9. Pierre-Emmanuel Darpeix, 2015. "Systemic risk and insurance," Working Papers halshs-01227969, HAL.
    10. Fabiana Gómez & Jorge Ponce, 2018. "Systemic risk and insurance regulation," Documentos de trabajo 2018003, Banco Central del Uruguay.
    11. Mario Sarcinelli, 2012. "Come difendere la globalizzazione e salvaguardare i sistemi bancari dal contagio," Moneta e Credito, Economia civile, vol. 65(257), pages 9-47.
    12. Renato Maino, 2012. "Tackling the “Too Big To Fail” conundrum: Integrating market and regulation," FMG Special Papers sp207, Financial Markets Group.
    13. David Grigorian & Vlad Manole, 2017. "Sovereign risk and deposit dynamics: evidence from Europe," Applied Economics, Taylor & Francis Journals, vol. 49(29), pages 2851-2860, June.
    14. Douglas Elliott & Andre O Santos, 2012. "Assessing the Cost of Financial Regulation," IMF Working Papers 2012/233, International Monetary Fund.
    15. Carlos León & Clara Machado & Andrés Murcia, 2013. "Macro-prudential assessment of Colombian financial institutions’ systemic importance," BORRADORES DE ECONOMIA 011105, BANCO DE LA REPÚBLICA.
    16. Pragyan Deb, 2016. "Market Frictions, Interbank Linkages and Excessive Interconnections," IMF Working Papers 2016/180, International Monetary Fund.
    17. Sabau-Popa Claudia Diana & Bradea Ioana & Bolos Marcel Ioan & Delcea Camelia, 2015. "The Information Confidentiality And Cyber Security In Medical Institutions," Annals of Faculty of Economics, University of Oradea, Faculty of Economics, vol. 1(1), pages 855-864, July.
    18. López-Espinosa, Germán & Rubia, Antonio & Valderrama, Laura & Antón, Miguel, 2013. "Good for one, bad for all: Determinants of individual versus systemic risk," Journal of Financial Stability, Elsevier, vol. 9(3), pages 287-299.
    19. Fabiana Gómez & Jorge Ponce, 2018. "Systemic Risk and Insurance Regulation †," Risks, MDPI, Open Access Journal, vol. 6(3), pages 1-12, July.
    20. Bierth, Christopher & Irresberger, Felix & Weiß, Gregor N.F., 2015. "Systemic risk of insurers around the globe," Journal of Banking & Finance, Elsevier, vol. 55(C), pages 232-245.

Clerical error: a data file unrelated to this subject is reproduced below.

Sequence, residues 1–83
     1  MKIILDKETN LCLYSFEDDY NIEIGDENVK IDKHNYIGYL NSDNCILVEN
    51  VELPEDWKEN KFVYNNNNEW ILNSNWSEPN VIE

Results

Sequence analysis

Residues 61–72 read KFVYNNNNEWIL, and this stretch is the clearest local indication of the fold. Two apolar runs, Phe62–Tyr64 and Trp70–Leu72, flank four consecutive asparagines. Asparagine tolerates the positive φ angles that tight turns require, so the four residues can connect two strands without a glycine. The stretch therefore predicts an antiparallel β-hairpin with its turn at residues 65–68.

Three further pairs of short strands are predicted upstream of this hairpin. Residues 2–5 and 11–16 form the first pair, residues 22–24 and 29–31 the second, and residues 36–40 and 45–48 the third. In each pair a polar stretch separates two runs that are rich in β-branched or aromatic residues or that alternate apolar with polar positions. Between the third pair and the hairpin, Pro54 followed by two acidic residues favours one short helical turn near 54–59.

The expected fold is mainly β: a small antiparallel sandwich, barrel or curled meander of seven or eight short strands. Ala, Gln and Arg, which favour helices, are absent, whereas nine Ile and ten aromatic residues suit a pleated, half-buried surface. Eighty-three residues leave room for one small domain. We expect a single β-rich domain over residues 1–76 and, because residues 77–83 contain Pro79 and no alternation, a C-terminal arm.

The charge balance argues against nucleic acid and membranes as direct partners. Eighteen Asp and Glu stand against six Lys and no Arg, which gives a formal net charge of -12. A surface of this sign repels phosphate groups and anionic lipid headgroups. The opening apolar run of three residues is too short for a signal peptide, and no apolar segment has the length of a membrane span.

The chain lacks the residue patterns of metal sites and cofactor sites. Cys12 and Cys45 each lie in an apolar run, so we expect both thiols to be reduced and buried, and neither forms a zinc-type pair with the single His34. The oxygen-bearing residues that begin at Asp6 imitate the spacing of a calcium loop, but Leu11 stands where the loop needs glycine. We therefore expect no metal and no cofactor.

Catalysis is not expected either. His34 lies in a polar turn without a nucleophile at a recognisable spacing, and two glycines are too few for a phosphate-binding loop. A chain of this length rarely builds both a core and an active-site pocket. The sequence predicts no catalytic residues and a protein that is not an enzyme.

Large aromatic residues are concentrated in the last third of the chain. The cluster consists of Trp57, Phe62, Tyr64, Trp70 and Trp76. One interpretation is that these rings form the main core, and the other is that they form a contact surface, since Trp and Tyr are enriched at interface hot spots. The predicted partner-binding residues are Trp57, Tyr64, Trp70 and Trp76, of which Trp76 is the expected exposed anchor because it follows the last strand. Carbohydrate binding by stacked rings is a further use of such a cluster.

More about this item


    Systemically Important Financial Institutions; SIFI; systemic risk; insurance;
    All these keywords.

    JEL classification:

    • G22 - Financial Economics - - Financial Institutions and Services - - - Insurance; Insurance Companies; Actuarial Studies
    • G28 - Financial Economics - - Financial Institutions and Services - - - Government Policy and Regulation

    NEP fields

    This paper has been announced in the following NEP Reports:


    Access and download statistics


    All material on this site has been provided by the respective publishers and authors. You can help correct errors and omissions. When requesting a correction, please mention this item's handle: RePEc:eio:thafsr:2. See general information about how to correct material in RePEc.

    For technical questions regarding this item, or to correct its authors, title, abstract, bibliographic or download information, contact: (Petr Jakubik). General contact details of provider: .

    If you have authored this item and are not yet registered with RePEc, we encourage you to do it here. This allows to link your profile to this item. It also allows you to accept potential citations to this item that we are uncertain about.

    If CitEc recognized a reference but did not link an item in RePEc to it, you can help with this form .

    If you know of missing items citing this one, you can help us creating those links by adding the relevant references in the same way as above, for each refering item. If you are a registered author of this item, you may also want to check the "citations" tab in your RePEc Author Service profile, as there may be some citations waiting for confirmation.

    Please note that corrections may take a couple of weeks to filter through the various RePEc services.

    IDEAS is a RePEc service hosted by the Research Division of the Federal Reserve Bank of St. Louis . RePEc uses bibliographic data supplied by the respective publishers.